They created J#, why couldn't they do VB#? - Page 2


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Thread: They created J#, why couldn't they do VB#?

  1. #16
    Mike Mitchell Guest

    Re: They created J#, why couldn't they do VB#?

    On Mon, 26 Nov 2001 11:00:48 -0800, "Jonathan Allen"
    <greywolf@cts.com> wrote:

    >Please pick a different example, as there is nothing wrong with global
    >functions. It would suck if we had to use a class every time we wanted a
    >simple math function.


    Isn't that what OOP purists strive for, though? How could that 'simple
    math function' serve as a base class for inheriting some extra
    functionality to serve the software reuse God if all it was was a
    function?

    MM

  2. #17
    Mike Mitchell Guest

    Re: They created J#, why couldn't they do VB#?

    On Mon, 26 Nov 2001 11:02:47 -0800, "Jonathan Allen"
    <greywolf@cts.com> wrote:

    >They are just names, they have no meaning on there own. Calling it VB#
    >instead of VB.Net would not change it one bit.


    No, but calling it B# and allowing classic VB to continue ad infinitum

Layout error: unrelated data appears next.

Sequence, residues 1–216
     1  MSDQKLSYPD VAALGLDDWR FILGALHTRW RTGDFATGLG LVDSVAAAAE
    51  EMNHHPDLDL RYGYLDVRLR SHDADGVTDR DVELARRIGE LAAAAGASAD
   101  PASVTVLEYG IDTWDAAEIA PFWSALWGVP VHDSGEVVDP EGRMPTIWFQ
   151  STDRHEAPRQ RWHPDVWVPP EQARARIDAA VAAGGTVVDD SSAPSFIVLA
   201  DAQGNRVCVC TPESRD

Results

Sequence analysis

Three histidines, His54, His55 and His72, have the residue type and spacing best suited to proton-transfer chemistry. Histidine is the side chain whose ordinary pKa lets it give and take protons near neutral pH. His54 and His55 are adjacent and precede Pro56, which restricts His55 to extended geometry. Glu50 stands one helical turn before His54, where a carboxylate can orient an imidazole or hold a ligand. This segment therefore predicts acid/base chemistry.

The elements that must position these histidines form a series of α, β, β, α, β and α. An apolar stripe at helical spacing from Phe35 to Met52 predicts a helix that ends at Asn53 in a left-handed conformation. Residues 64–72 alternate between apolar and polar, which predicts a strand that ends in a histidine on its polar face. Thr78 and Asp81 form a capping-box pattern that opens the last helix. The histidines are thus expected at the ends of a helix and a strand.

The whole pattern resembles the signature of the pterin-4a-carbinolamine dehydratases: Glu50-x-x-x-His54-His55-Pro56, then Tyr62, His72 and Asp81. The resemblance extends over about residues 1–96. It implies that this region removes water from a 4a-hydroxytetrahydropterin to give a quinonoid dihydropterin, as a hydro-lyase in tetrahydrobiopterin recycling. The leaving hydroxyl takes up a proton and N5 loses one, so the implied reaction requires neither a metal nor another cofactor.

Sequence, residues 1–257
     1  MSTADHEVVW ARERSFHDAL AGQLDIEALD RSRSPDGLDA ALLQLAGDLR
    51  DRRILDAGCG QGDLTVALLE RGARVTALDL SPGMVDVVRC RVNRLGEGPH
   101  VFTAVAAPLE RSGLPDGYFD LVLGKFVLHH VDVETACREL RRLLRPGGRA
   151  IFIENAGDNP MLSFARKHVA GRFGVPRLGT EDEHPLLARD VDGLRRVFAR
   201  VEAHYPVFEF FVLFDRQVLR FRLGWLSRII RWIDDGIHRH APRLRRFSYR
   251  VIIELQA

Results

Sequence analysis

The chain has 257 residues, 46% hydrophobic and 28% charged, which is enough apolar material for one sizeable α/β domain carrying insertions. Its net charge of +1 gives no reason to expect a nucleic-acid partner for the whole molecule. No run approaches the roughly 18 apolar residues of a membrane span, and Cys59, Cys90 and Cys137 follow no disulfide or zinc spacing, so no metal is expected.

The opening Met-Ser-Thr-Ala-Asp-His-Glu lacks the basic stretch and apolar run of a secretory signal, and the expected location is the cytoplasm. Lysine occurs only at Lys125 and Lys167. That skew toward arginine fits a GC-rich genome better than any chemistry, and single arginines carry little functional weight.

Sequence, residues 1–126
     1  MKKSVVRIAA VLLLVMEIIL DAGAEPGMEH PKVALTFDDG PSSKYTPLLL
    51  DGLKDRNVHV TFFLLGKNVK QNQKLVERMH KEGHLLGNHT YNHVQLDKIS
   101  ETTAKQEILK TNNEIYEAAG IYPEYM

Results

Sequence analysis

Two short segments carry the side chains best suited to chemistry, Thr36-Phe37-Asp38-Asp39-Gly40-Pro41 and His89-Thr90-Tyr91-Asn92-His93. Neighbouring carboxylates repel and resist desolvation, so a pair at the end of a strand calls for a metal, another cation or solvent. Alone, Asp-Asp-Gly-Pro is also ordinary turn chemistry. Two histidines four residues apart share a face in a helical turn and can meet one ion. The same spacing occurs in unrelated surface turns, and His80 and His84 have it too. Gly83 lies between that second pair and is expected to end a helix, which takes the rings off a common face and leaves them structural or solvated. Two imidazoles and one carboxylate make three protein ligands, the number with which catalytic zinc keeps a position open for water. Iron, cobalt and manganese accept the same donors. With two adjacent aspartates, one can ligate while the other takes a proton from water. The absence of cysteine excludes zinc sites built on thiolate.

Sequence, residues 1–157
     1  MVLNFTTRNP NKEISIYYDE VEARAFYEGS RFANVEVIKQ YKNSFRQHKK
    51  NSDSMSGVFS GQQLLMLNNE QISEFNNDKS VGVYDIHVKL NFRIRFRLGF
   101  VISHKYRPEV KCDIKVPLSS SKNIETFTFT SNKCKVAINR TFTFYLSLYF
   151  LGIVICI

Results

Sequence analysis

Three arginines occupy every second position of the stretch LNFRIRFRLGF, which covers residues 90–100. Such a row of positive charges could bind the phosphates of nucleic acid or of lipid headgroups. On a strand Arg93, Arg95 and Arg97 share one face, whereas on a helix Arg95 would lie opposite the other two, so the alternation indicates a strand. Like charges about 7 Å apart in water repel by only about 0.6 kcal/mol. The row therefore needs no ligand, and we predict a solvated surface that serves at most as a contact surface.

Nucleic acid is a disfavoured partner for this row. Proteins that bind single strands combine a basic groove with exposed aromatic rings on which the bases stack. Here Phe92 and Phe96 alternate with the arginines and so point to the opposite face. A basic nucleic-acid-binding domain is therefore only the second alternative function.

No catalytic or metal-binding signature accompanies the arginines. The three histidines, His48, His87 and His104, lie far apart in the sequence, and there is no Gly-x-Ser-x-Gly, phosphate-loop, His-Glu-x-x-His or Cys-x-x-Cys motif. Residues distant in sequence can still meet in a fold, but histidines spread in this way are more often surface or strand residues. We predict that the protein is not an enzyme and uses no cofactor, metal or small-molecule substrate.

as a parallel product would change a lot.

    No posts from me for a start.

    MM

  3. #18
    Jonathan Allen Guest

    Re: They created J#, why couldn't they do VB#?

    > But what I was really refering to was that many VB programmers I've worked
    > with want EVERYTHING global. They refuse to use classes, and instead use
    > a module that includes a struct and all the functions that act on that

    struct.
    > I'm not a big fan of this.


    Oh, I agree with you there. It is just that in my experience, too many
    people think that globals are inherently evil. They believe OO is a religion
    and everything has to be a class, even when it is totally inappropriate.

    As for your specific example, I hope to see a lot less of that happening now
    that structs can have methods.

    --
    Jonathan Allen



    "Ian Drake" <ian@dotnetnut.com> wrote in message
    news:3c02a0ee@147.208.176.211...